George Ernst’s old car keeps puttering along
Published 12:31 pm Thursday, October 12, 2017
By Dwight Sparks
The Clemmons Courier
George Ernst, 83, turns the switch and his 1949 Dodge Wayfarer cranks with a purr. Not a roar. This is a gentle car and it has always been treated with loving care.
It has seen only 69,778 miles and has the original interior. There’s a “flathead 6” under the hood, a remarkably simple motor by today’s standards. No radio. No heater. Wide white wall tires. The original tail pipe. Only a rear view mirror has been added. “It’s solid as a rock,” Ernst said, whacking the trunk for emphasis. He bought the car years ago from Brown Clodfelter, also of the Old Meadowbrook neighborhood.
The old car has just returned to its Old Meadowbrook garage from its annual road trip to the Dixie Classic Fair where it was displayed along with the Wall of Honor photos of Forsyth County veterans.
George Ernst and some of his brothers are among those photos. He was a parachutist in the Army’s 102nd Airborne Division, 1954-56, jumping out of perfectly good airplanes 16 times. Ernst grew up in the heart of Old Salem, as a boy living in the Timothy Vogler House, the gunsmith’s residence, as a boy. He’s a member of the Home Moravian Church brass band, playing trumpet at funerals and the Easter Sunrise Service.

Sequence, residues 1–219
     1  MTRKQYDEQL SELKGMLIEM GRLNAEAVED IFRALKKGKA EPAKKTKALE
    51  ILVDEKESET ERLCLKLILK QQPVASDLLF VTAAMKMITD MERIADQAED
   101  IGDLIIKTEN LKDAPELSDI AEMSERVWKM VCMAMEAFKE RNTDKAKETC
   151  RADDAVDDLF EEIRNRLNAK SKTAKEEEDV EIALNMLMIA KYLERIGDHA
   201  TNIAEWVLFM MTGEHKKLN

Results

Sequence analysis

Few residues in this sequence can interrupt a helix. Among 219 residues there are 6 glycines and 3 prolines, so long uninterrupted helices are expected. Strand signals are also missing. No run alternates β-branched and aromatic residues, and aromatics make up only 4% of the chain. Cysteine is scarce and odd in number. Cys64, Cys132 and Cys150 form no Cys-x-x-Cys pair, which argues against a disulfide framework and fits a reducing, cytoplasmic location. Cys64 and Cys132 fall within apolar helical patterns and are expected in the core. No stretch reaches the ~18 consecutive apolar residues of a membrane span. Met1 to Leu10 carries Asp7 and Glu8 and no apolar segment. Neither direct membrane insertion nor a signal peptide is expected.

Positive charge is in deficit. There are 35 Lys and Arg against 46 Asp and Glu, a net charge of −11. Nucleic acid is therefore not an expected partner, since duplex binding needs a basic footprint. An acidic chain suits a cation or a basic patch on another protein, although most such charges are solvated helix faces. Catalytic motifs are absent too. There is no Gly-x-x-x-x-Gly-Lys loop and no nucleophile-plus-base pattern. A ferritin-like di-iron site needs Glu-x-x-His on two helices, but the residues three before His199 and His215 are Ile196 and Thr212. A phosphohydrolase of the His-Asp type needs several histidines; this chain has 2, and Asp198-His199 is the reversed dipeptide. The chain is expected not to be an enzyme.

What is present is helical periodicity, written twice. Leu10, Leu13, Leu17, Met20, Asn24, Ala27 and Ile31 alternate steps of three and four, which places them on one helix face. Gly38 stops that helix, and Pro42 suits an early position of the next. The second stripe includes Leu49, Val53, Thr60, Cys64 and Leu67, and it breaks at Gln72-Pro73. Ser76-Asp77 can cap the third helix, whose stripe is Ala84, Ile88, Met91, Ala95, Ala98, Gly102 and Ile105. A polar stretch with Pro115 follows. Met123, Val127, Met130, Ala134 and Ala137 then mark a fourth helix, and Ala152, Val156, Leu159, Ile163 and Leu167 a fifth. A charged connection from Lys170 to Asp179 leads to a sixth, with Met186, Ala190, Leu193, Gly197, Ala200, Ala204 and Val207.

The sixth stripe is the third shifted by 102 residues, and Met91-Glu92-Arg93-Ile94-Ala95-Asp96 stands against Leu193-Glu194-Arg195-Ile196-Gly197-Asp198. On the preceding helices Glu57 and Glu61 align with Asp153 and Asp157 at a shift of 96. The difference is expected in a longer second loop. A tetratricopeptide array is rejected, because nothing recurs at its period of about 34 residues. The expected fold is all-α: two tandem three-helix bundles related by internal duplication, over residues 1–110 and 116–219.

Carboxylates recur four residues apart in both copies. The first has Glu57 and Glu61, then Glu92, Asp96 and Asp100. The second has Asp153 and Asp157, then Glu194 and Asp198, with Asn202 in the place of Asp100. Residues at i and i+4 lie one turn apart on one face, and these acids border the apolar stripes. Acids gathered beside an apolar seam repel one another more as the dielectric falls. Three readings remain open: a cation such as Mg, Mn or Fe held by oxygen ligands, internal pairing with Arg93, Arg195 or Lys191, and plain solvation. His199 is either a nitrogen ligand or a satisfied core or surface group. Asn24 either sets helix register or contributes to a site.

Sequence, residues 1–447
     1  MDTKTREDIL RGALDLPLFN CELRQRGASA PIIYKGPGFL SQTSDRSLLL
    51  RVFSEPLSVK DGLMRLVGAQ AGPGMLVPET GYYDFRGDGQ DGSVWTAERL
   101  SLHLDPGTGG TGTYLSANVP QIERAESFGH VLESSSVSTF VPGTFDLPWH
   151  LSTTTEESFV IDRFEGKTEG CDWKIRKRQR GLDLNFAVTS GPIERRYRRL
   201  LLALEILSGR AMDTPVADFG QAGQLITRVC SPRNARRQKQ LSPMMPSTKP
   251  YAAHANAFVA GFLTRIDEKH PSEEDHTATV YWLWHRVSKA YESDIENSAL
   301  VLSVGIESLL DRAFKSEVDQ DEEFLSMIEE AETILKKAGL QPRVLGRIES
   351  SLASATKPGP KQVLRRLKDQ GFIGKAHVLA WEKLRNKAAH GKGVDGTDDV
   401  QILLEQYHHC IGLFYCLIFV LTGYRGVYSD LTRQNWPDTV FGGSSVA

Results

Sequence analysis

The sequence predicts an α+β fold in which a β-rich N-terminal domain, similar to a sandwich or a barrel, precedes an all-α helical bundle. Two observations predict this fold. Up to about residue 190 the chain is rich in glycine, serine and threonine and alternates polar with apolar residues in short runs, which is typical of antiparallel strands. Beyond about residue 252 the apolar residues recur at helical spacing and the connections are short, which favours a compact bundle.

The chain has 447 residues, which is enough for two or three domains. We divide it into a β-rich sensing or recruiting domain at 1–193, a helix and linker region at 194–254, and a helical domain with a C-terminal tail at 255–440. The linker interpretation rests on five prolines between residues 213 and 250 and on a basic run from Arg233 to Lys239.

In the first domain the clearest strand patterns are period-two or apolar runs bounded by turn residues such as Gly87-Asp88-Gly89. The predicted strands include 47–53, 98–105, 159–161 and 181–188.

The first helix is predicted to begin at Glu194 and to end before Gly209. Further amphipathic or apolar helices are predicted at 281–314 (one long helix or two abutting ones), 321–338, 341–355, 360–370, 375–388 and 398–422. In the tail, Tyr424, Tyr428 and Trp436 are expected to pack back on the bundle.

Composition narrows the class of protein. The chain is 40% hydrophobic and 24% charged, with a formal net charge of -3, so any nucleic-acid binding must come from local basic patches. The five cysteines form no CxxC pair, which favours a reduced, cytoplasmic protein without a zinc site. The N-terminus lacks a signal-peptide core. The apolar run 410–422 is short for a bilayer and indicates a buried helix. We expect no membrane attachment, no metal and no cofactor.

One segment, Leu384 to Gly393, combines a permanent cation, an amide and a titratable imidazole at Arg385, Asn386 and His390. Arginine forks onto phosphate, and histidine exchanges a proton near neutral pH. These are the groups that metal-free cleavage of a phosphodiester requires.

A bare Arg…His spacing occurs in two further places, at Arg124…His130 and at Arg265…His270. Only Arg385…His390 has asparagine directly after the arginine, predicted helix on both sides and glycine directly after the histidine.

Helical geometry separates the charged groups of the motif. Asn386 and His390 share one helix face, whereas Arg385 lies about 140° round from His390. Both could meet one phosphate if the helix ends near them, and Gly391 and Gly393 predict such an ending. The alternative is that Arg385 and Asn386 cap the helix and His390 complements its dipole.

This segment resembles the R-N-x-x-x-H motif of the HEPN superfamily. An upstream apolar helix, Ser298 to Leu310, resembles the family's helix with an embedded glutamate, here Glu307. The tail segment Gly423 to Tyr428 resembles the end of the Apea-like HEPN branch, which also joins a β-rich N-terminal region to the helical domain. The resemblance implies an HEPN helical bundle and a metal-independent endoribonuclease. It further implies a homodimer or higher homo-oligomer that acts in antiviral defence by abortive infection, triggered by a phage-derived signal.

After the Army, he enrolled at Appalachian State Teachers College and met his bride, Patsy. Both came back to Forsyth County to be teachers. She was once named Forsyth County’s teacher of the year.
George Ernst taught vocational education and business at West Forsyth High for 18 years and recites many of his old students’ names, students who have now become the Who’s Who of Clemmons businesses and even the North Carolina State Treasurer, Dale Folwell.
“Most of them have really made something of themselves,” he said. One of the things he taught his students was how to buy a car.
“I would take my girls at West Forsyth out to the parking lot and teach them how to evaluate a car. I would blindfold them and have them smell the car, open and close the doors, the windows,” he said. They would look under the floor mats and in the trunk, not just kick the tires.
Ernst doesn’t take it easy despite his advancing years. He watches out for his neighbors and meets twice a month with a group of mostly World War II veterans.
Scoffing at the recent NFL dispute over the National Anthem, Ernst said all his veterans religiously stand for the Anthem despite their infirmities.
He said Americans have three civic responsibilities: “We vote, we serve on the jury and we serve our country. That’s what we’re obligated to do.”